• Cancer et systme immunitaireIntroduction

    12

  • Rle des macrophages

    doi:1

    0.10

    38/n

    ri307

    3

    13

  • Polarisation des macrophages

    14

  • Rle des macrophages dans linflammation

    15doi:10.1038/ni.1937

  • Vsicules extracellulairesIntroduction

    16

  • NATURE REVIEWS | GASTROENTEROLOGY & HEPATOLOGY VOLUME 11 | JUNE 2014 | 351

    Key points

    Microvesicles (MVs) are 0.11.0m vesicles containing lipids, proteins, RNAs and microRNAs; they are formed by budding from the cellular plasma membrane

    Circulating levels of several subpopulations of MVs are increased in patients with liver diseases, probably due to enhanced MV production and decreased MV clearance, related to the individual liver disorder

    MVs are now implicated at many stages of liver disease progression, including liver fibrogenesis, portal hypertension and activation of coagulation

    Several results suggest that MVs have a role in hepatocellular carcinoma by conveying information between tumour cells and between tumour and neighbouring cells

    High levels of circulating procoagulant MVs have been found in patients with acute liver failure and might contribute to normal or hypercoagulable global haemostasis in this setting

    MVs have promise as diagnostic and prognostic biomarkers in patients with liver diseases

    account for these changes. The potential roles of MVs in key processes of liver diseases, such as fibrosis, portal hypertension, complications of cirrhosis, thrombosis and hepatocellular carcinoma, are also presented. If specific studies in the context of liver diseases are lacking, we postulate on the potential effects of MVs on the basis ofavailable data from other organs. Finally, we interpret available results and propose clinical situations in which MVs could be useful as biomarkers.

    Increased MV levels in liver diseasesMVs have been detected in numerous human body fluids, including saliva,8 urine,9 bile,10 synovial fluid,11 vitreous fluid12 and semen,13 as well as in muscles,14 atherosclerotic plaques7 and liver tissue15 (Figure2a). Never theless, most studies have focused on plasma MVs, because they are easily accessible. Circulating levels of MVs are increased in patients with cardiovascular disor-ders, thrombosis and cancer.1618 Over the past ~10years, several groups have measured the levels of circulating MVs in patients with liver diseases (Table1).1930 The increased levels of several subpopulations of circu-lating MVs reported in these studies are a result of increased formation and/or decreased clearance of MVs (Figure2b;Box2).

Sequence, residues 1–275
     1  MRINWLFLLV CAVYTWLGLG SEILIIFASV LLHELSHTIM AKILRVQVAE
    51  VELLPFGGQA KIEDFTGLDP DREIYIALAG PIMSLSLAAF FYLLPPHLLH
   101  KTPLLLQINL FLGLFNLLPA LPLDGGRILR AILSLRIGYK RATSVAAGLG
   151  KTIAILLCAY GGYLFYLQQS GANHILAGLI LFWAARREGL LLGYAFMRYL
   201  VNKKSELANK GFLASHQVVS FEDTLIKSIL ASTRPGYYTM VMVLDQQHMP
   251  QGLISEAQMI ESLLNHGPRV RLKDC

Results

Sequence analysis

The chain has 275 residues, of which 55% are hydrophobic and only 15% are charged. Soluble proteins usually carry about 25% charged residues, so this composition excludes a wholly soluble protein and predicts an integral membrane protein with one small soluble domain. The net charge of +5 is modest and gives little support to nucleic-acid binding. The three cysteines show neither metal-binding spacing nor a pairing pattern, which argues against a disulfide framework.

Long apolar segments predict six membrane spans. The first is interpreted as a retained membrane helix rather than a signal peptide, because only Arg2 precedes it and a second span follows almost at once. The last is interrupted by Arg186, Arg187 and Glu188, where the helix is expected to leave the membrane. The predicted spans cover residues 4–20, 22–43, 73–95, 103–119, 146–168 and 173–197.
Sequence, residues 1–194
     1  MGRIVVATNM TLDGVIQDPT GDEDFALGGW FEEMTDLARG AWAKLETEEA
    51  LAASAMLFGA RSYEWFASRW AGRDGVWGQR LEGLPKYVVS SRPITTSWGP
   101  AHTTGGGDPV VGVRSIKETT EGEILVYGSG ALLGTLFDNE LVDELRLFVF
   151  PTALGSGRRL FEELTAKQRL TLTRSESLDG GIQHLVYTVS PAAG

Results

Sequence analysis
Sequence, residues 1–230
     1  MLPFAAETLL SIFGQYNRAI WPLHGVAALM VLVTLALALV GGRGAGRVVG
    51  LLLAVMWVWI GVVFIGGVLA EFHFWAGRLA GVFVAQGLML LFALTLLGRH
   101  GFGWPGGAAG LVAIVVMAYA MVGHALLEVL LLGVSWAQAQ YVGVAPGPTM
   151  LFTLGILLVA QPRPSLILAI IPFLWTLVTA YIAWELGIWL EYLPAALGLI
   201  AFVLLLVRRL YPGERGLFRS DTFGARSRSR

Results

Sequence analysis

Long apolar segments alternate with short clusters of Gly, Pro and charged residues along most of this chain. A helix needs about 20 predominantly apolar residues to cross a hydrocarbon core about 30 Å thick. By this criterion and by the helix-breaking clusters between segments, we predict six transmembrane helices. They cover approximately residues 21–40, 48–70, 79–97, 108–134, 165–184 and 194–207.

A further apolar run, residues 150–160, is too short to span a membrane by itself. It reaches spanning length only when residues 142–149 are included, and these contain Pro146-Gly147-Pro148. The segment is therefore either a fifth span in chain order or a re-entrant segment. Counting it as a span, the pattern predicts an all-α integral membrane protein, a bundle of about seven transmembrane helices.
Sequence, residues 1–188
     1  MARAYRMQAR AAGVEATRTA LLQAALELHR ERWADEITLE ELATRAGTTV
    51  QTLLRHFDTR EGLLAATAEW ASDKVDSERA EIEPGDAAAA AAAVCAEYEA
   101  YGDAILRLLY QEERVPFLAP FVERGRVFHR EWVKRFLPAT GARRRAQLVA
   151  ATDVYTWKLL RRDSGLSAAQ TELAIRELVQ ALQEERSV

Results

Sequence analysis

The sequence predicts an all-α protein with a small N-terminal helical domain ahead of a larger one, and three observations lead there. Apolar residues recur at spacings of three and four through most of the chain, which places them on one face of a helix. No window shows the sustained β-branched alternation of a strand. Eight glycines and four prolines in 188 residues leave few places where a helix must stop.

Enhanced MV formationSeveral causes of liver disease trigger MV production, in particular alcohol consumption,31 viral infection32 and features of the metabolic syndrome including dia-betes,33 obesity,34 dyslipidaemia35 and physical inactiv-ity.36 Liver disease itself might also induce MV release, as the main processes of MV formation (namely, apop-tosis and cell activation) are common in this context.37,38 Furthermore, many stimuli that promote MV release, including oxidative stress,39 shear stress,40,41 systemic inflammation and bacterial translocation, are present in liver diseases(Table2).10,39,4249

    Decrease in MV clearanceThe mechanisms of MV clearance have been reviewed elsewhere.5 Under healthy conditions, spleen and liver macrophages are the primary contributors to MV clear-ance from the circulation.5,50,51 Interestingly, several lines of evidence show that cirrhosis is associated with a defect in macrophage function. Indeed, the function of the macrophage Fc gamma receptor is impaired in patients with alcoholic cirrhosis and is correlated with the degree of liver insufficiency.52 Similarly, macrophage dysfunction has been observed in animal models of cir-rhosis53 and the clearance of certain molecules (radio-labelled colloid or microaggregated human serum albumin) has been shown to be decreased in patients with cirrhosis.54,55 As such, we speculate that clear-ance of MVs might also be decreased in these patients. During pathological conditions that are associated with elevated levels of circulating MVs, such as endotoxaemia, another pathway for MV clearance is turned on in the liver and lung endothelium.56 As cirrhosis is associated

    Cells

    Extracellularvesicles

    Examplesof similarsize

    MVB

    PS

    1 2

    Microvesicle

    0.11 m

    Bacteria

    Exosome

    40100 nm

    Virus

    Apoptotic body

    14 m

    Platelet

    Figure 1 | Definitions of microvesicles. Left: Exosomes. Cells release exosomes via two mechanisms. In the classic pathway (1), intracellular vesicles appear from inward membrane budding and form MVBs before fusing with the PM and being released into the extracellular space. Thedirect pathway (2) involves the release ofvesicles, in